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Testing direct donations over Alexa

"Alexa, take my money."

Sure, there isn’t a straightforward business model for publishers building Alexa skills quite just yet — grafting advertising products onto Flash briefing remains a dicey proposition on the platform — but there is most definitely some interesting experimentation happening, some of which is being seeded by Amazon itself.

From Current, the public media trade publication of choice (note the paywall):

NPR and KUOW in Seattle are testing a donation feature that Amazon developed to enable charitable giving through its Alexa voice assistant.
As of April, the two organizations were among the first nonprofits that Amazon invited to begin collecting donations. And while NPR is figuring out how to direct gifts to the donors’ preferred stations as listeners respond, KUOW has run promotions and found it’s more than just a novelty feature for listeners.

Later in the article, it was found that up to a quarter of KUOW’s monthly streams were facilitated through Alexa, and that initial fundraising experiments were able to generate some responses.

There’s quite a bit more detail in the (paywalled) Current piece, and I’m not going to aggregate any more information in this write-up other than to say: NPR and KUOW face very different implementation questions here. The latter is focused on figuring out just how effective the Alexa platform is going to be as a generator of direct donations from Echo-owning members, while the former is tasked with the more politically delicate question of how it can best serve as the practical touch-point of research, best practices instruction, and technical middle-man between Amazon and the broader public radio ecosystem.

Maybe I’m just being overly optimistic here — what a rare moment! — but I think direct donation behavior is something that can totally be unlocked within the current context of the Amazon Echo, which is a device that was developed in large part to dramatically reduce the friction between purchase intent and purchase action. (Random side note: man, the first time I bought something through Amazon Echo, it felt… really weird, and weirdly naughty, because of how frictionless the whole process felt. I suspect that has to do my feelings of guilt around spending money in general, so I wonder how different it’ll feel when it’s a transaction that’s actually supposed to fill me with moral warmth.)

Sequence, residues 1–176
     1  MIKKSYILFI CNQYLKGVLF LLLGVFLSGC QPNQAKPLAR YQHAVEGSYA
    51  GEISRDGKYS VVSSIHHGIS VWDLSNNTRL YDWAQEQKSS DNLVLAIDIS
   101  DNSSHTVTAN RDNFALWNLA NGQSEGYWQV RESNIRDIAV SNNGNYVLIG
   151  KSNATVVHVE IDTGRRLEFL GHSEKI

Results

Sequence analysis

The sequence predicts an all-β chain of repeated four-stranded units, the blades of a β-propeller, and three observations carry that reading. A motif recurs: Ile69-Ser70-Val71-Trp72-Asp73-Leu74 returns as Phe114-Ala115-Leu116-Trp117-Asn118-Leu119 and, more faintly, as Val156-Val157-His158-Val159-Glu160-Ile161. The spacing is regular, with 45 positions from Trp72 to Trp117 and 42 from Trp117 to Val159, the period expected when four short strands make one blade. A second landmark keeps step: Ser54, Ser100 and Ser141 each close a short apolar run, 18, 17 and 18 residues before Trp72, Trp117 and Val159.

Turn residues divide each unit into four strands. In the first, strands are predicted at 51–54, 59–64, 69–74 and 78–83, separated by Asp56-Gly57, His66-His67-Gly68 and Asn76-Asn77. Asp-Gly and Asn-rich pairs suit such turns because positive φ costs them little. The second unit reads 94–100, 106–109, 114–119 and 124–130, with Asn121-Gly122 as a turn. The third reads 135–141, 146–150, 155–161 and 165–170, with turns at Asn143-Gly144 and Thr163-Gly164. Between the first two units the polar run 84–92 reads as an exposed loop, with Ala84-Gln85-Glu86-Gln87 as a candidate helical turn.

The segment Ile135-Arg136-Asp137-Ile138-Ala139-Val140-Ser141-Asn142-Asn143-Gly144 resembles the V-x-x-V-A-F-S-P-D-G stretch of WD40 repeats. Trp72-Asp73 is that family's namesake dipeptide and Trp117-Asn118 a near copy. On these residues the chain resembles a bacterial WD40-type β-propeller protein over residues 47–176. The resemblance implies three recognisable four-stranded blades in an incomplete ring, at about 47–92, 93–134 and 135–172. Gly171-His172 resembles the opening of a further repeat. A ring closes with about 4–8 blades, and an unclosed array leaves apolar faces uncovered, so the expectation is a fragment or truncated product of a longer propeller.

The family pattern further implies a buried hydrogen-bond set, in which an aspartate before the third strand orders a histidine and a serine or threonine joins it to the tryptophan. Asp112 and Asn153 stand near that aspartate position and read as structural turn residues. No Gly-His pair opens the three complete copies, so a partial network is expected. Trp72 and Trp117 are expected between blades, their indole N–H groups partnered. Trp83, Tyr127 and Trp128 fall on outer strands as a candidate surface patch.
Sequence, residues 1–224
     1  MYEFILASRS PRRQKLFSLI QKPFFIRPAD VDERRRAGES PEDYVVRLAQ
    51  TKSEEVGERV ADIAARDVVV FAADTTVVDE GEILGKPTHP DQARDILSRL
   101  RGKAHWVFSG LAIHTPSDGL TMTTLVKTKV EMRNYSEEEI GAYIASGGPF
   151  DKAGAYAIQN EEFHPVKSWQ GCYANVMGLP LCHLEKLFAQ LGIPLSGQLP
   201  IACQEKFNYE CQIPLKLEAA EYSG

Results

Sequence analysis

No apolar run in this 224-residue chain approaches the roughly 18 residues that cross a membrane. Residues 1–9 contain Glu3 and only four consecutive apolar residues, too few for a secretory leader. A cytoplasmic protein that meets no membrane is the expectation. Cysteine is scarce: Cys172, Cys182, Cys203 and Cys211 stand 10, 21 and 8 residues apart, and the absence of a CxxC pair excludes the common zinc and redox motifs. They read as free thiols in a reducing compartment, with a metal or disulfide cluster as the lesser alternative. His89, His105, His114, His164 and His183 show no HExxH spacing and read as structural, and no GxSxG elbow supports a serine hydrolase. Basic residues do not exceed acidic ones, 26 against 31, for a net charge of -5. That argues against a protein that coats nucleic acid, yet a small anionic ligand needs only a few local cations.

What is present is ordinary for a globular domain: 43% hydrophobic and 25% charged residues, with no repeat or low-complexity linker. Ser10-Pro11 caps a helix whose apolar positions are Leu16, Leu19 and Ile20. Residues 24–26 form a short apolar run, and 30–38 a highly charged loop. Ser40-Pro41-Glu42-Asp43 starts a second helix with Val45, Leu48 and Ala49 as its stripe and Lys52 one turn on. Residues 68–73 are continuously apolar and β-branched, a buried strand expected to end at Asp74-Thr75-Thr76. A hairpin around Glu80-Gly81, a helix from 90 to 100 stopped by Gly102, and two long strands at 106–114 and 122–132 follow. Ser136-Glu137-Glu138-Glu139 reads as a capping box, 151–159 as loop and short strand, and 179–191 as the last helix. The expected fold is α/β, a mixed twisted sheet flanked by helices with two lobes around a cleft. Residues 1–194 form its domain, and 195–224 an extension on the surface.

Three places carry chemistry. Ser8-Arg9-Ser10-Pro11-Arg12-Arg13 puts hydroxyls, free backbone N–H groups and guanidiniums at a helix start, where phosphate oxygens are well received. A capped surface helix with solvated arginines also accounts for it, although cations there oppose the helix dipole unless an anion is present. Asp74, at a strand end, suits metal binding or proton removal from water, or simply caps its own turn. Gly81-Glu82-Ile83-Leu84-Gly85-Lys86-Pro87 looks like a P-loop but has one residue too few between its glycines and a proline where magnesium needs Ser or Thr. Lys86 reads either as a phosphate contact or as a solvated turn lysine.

For what it’s worth, I hope NPR, KUOW, and whatever research group comes from this figures this one out. Since I’ve started writing about smart speakers, I’ve always detected a pervading assumption that the economy of smart speaker media was always going to end up being built primarily on advertising, in the same way so many other new technology and media forms tended to assume advertising as its eventual key pillar of commerce. Maybe we’re still due for that — advertising has only recently and rapidly become a multi billion-dollar business for Amazon, after all, and who know how the company is going to express its interests in advertising in the future — but for now, it feels like there’s a chance for a strong alternative model to be formed.

Related reading:

  • “Marketplace” puts “Make me Smart” on Amazon’s Alexa. (TalkingBizNews)